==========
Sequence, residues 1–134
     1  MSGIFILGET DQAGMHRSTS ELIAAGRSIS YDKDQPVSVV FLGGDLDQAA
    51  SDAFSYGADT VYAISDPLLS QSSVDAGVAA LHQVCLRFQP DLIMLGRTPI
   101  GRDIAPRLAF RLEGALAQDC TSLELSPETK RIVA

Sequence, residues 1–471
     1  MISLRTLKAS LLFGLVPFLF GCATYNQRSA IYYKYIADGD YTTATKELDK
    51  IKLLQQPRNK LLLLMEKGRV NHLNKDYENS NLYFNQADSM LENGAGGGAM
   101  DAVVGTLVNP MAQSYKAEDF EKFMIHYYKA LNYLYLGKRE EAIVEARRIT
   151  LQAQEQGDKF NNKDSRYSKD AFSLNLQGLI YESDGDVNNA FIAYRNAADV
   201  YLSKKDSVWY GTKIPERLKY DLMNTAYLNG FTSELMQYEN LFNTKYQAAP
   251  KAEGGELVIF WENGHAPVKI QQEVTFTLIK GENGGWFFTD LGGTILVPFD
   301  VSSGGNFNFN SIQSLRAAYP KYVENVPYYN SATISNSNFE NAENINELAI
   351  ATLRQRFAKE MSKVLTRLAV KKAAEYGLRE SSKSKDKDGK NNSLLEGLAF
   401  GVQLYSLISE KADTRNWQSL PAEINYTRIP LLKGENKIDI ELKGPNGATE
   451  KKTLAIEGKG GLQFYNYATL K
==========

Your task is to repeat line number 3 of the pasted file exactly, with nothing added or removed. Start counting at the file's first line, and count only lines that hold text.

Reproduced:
    51  SDAFSYGADT VYAISDPLLS QSSVDAGVAA LHQVCLRFQP DLIMLGRTPI